The term cast iron is used to describe an entire family of metals
with a broad range of properties. Like steel, it is also a generic
term that designates a family of metals. Both steels as well as cast
irons are mainly iron with carbon (C) as the prime alloying element.
While steels constitute less than 2% and generally less than 1%
carbon; all cast irons comprise more than 2% carbon. Two percent is
the maximum carbon content at which iron can become solid as a
single phase alloy with all of the carbon in solution in austenite.
Therefore, we can say that cast irons solidify as heterogeneous
alloys and always contain more than one constituent in their micro
Along with carbon, cast irons also contain silicon (Si), generally
from 1–3%, and hence, we can say they are actually
iron-carbon-silicon alloys. The high carbon and silicon content of
cast irons make them excellent casting alloys. The melting
temperature of cast irons is significantly lower than for steel.
Iron when melted is more fluid than molten steel and is less
reactive with molding materials. During the solidification process,
low density graphite is formed in the iron. This low density
graphite reduces the change in volume of the metal from liquid to
solid state and makes it possible to produce more complex castings
possible. However, as a matter of fact, cast irons do not have
adequate ductility to be forged or rolled.
Cast irons come in a variety of types, however these cannot be
specified by chemical composition because of the similarities
between the types. The table given below shows the distinctive
composition ranges for the most frequently determined elements in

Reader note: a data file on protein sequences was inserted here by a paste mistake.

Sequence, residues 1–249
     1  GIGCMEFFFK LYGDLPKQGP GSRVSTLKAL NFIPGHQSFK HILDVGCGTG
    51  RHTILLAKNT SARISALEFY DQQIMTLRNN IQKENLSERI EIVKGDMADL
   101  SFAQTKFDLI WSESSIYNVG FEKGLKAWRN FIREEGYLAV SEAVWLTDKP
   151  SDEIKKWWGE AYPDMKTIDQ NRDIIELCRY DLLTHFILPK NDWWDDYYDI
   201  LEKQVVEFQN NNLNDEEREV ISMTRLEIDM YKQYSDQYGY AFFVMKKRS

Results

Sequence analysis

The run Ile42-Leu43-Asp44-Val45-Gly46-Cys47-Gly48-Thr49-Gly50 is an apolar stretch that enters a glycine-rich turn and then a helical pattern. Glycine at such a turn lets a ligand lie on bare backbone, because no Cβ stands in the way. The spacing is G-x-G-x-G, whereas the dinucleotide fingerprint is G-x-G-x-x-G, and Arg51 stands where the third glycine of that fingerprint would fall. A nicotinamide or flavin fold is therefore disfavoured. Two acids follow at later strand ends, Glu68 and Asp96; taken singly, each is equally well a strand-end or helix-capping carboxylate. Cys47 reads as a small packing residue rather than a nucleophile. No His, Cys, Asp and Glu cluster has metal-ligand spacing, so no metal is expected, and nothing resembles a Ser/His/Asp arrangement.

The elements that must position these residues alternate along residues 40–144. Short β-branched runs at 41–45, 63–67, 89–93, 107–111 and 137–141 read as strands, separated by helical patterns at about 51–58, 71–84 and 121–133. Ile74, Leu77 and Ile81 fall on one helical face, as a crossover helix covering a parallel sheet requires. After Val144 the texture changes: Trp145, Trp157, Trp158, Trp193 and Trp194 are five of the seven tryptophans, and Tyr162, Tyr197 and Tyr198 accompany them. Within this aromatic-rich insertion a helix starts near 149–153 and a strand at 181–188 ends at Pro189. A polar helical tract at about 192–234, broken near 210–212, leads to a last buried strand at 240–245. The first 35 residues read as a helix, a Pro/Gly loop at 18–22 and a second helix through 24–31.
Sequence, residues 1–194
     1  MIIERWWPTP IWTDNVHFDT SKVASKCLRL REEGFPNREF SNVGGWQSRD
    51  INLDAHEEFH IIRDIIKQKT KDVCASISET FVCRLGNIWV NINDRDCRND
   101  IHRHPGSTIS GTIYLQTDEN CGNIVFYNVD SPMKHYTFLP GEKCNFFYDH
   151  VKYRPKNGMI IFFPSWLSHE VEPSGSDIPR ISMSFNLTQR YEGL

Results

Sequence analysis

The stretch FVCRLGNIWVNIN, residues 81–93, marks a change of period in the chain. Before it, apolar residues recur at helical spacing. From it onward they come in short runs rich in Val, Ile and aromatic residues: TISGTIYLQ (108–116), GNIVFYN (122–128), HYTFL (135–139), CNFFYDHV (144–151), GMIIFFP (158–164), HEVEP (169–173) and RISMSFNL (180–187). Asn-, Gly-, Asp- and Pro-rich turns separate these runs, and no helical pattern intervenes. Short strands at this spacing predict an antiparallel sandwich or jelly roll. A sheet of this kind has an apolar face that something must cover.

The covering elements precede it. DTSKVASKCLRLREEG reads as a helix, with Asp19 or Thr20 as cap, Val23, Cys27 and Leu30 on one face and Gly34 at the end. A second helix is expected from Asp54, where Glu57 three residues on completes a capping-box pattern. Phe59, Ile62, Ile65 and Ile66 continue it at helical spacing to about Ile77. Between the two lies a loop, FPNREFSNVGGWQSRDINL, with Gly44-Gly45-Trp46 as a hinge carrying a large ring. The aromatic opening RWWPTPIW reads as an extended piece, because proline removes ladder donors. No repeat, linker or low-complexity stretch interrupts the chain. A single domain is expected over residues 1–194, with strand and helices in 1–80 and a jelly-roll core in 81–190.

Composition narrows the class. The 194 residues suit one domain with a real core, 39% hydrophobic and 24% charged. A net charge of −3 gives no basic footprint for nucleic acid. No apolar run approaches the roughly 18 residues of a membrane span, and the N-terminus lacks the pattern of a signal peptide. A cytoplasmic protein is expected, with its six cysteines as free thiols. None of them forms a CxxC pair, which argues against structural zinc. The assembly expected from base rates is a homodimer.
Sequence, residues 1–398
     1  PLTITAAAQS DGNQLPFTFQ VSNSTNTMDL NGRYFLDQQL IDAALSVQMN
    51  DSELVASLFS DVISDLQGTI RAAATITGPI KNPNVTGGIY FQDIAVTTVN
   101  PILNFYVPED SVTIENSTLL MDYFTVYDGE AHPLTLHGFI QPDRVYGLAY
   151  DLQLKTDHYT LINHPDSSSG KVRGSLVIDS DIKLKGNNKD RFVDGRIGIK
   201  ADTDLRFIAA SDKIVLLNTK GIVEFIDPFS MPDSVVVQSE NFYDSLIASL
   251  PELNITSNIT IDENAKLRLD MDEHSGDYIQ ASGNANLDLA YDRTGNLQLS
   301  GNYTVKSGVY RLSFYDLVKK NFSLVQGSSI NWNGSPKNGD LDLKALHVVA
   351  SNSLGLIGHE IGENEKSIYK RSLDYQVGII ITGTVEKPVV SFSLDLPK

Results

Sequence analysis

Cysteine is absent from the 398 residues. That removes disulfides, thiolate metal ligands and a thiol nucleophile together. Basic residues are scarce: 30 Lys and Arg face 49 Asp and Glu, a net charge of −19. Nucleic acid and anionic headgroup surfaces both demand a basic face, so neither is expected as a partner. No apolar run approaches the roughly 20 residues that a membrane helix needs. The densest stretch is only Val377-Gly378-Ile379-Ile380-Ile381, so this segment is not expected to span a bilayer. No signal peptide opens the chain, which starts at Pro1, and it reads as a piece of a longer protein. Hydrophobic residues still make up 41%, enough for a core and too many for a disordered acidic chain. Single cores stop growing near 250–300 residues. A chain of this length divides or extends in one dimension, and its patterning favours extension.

the 5 generic types of cast iron.
Range of Compositions for Typical Unalloyed Cast Irons
For the commercial purposes, the range of compositions can be
categorized into a sixth type - the high-alloy irons. These have a
broad range in base composition and also constitute other elements
in significant quantities.
The presence of some minor elements also is critical to the
successful production of different types of iron. For instance,
nucleating agents, known as inoculants, are used in the production
of gray iron to control the type and size of graphite. While bismuth
and tellurium are used in little quantities to produce malleable
iron; the presence of a few hundredths of a percent magnesium (Mg)
drives the formation of the spheroidal graphite in ductile iron.
Moreover, the composition of an iron requires to be adjusted to
befit specific castings. A particular composition of metal cannot be
used to produce small and large size of castings of the same grade
of iron. Due to this reason, most of the iron castings are purchased
on the ground of mechanical properties instead of composition. An
important exception is for castings, which necessitate special
properties, such as - corrosion resistance or elevated temperature
The different types of cast irons can be classified on the basis of
their micro structure. The classification depends on the form and
shape in which the major component of carbon occurs in the iron.
This system facilitates five basic types - gray iron, ductile iron,
malleable iron, compacted graphite iron (CGI) and white iron. All
these different types of irons can be heat treated or moderately
alloyed without altering its basic classification. The high-alloy
irons, which normally contain over 3% of the added alloy, can be
separately classified as gray or ductile iron or white, however the
high-alloy irons are classified commercially as a distinguish group.
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